In 1976, archaeologists from the Institute of Archaeology, Chinese Academy of Social Sciences, discovered in Xiaotun village an intact royal tomb which belonged to Fu Hao, one of the consorts of King Wu Ding. Amongst the large number of jade animals found in her tomb were representations of buffaloes, including a large (7.7 cm long) jade buffalo carving, illustrated in Queen, Mother, General: 40th Anniversary of Excavating the Shang Tomb of Fu Hao, Beijing, 2016, p. 27 (1976AXTM5: 1301).
The current jade buffalo and the Fu Hao example, which it closely relates to, demonstrate the highly stylised approach of the Shang artisan. Both are carved in the round from lustrous stone, and depicted recumbent with legs spread, their stylised features sensitively rendered with skilful incisions, the surface of both bodies covered with a design of raised-line square spirals. The overall representation is highly abstract, with use of these scrolling geometric motifs to convey the archaistic design, but with key features including the horns, eyes, nose and snarling expression naturalistically rendered.
Similar craftsmanship is evident on a Shang jade buffalo in Harvard Art Museum, illustrated in Max Loehr and Louisa G. Fitzgerald Huber, Ancient Chinese Jades from the Grenville L. Winthrop Collection in the Fogg Art Museum, Harvard University, Cambridge, 1975, cat. no. 148.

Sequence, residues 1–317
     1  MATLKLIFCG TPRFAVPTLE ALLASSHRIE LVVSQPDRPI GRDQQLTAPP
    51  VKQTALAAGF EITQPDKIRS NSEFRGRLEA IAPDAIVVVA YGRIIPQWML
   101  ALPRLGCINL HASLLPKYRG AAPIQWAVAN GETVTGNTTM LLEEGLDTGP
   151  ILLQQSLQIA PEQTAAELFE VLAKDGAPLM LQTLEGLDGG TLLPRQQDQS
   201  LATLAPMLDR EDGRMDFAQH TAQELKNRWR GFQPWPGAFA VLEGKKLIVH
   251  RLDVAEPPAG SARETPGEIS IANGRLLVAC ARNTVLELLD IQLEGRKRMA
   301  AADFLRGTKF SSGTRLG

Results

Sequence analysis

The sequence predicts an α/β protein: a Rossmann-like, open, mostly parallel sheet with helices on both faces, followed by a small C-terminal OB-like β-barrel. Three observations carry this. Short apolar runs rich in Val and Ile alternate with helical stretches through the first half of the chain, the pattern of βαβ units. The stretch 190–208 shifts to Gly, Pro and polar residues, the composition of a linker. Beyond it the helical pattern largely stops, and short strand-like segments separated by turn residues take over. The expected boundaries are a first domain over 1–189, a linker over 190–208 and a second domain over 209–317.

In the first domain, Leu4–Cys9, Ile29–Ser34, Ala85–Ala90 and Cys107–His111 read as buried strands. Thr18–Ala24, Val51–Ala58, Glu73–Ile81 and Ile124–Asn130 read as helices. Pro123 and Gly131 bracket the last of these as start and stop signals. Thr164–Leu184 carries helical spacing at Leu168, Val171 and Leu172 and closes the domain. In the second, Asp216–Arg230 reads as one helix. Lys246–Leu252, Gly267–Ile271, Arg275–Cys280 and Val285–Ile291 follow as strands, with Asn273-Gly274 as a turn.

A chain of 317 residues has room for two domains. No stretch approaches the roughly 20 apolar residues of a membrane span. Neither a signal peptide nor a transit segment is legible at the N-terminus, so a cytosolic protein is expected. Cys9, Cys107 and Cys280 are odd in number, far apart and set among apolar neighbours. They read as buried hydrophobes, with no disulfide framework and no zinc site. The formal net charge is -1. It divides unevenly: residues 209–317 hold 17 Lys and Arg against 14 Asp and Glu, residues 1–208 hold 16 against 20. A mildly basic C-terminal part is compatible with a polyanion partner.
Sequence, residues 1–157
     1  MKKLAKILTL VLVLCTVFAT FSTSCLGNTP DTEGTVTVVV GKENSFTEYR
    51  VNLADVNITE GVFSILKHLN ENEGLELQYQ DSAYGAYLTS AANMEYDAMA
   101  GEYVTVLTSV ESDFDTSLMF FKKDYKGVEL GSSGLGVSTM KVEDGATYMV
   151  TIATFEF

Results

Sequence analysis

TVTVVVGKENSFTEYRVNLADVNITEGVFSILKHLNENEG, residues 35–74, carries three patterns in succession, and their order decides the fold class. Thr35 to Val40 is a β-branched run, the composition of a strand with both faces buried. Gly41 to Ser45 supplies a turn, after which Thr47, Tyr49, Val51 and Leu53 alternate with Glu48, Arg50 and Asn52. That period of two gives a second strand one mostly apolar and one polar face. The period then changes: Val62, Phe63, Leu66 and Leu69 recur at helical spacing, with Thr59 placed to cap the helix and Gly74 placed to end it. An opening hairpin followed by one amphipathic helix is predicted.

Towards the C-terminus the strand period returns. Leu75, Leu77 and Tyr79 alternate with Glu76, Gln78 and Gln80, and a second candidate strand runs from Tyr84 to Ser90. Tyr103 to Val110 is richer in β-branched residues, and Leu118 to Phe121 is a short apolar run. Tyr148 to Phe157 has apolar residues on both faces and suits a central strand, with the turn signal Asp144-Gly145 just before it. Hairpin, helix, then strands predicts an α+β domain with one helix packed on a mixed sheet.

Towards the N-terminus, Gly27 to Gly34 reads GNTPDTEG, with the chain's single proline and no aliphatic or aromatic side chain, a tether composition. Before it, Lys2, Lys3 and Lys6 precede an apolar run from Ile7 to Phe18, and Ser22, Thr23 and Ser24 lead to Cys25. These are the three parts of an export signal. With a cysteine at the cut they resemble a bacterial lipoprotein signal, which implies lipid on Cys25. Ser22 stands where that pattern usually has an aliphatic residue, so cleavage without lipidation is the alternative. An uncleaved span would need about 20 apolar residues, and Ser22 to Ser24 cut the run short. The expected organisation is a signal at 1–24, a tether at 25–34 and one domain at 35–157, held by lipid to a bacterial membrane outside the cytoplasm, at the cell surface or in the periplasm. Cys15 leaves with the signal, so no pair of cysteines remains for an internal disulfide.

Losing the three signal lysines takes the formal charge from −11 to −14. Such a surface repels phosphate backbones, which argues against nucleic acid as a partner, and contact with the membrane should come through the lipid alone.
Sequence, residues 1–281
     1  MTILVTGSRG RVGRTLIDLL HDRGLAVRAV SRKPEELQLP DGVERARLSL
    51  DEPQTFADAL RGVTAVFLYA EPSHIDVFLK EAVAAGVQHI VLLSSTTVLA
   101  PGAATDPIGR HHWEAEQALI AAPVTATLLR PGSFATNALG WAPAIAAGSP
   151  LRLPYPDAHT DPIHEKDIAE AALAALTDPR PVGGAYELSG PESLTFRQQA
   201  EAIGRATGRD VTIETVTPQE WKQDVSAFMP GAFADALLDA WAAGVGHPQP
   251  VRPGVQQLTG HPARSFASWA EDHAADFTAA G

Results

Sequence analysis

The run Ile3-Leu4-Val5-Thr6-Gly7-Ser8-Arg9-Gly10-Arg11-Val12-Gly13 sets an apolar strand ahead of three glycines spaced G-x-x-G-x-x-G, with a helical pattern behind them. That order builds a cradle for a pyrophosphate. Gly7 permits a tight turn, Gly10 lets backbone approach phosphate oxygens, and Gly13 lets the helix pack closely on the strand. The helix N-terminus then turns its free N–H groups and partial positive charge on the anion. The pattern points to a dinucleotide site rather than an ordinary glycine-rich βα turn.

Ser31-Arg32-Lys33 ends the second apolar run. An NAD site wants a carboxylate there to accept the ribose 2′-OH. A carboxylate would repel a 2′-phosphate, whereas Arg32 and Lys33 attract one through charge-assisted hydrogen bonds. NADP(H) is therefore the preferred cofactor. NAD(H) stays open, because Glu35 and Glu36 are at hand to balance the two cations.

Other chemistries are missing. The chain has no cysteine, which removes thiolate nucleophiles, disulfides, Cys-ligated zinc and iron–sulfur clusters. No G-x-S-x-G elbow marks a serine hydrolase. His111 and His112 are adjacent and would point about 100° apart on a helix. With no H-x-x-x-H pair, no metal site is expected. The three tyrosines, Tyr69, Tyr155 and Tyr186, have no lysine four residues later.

Outside of museum collections, however, it is extremely rare to find a complete jade sculpture of a buffalo in Shang art. In contrast to the current buffalo, the majority of early jade depictions are two-dimensional plaques. See for instance the jade water buffalo in the Mrs Edward Sonnenschein Collection, Chicago, illustrated by Alfred Salmony, Carved Jade of Ancient China, 1938, pl. XXIII (8), the example in the Arthur M. Sackler Gallery, illustrated by Jessica Rawson, 'Animal Motifs in Early Western Zhou Bronzes from the Arthur M. Sackler Collections', Chinese Bronzes: Selected articles from Orientations, 1983-2000, Hong Kong, 2001, p. 20, fig. 12, and the small jade buffalo plaque from the Harris collection, sold at Christie’s New York, 16th March 2017, lot 802.
This superb jade buffalo encapsulates the Shang approach to jade craftsmanship and is an extraordinary legacy of the era. Endowed with a prestigious history, originally in the collection of the celebrated dealer C.T. Loo, and later in the collections of Frederick Mayer and the Idemitsu Museum, Tokyo, in quality it ranks alongside the finest surviving examples from the royal tombs of Anyang.
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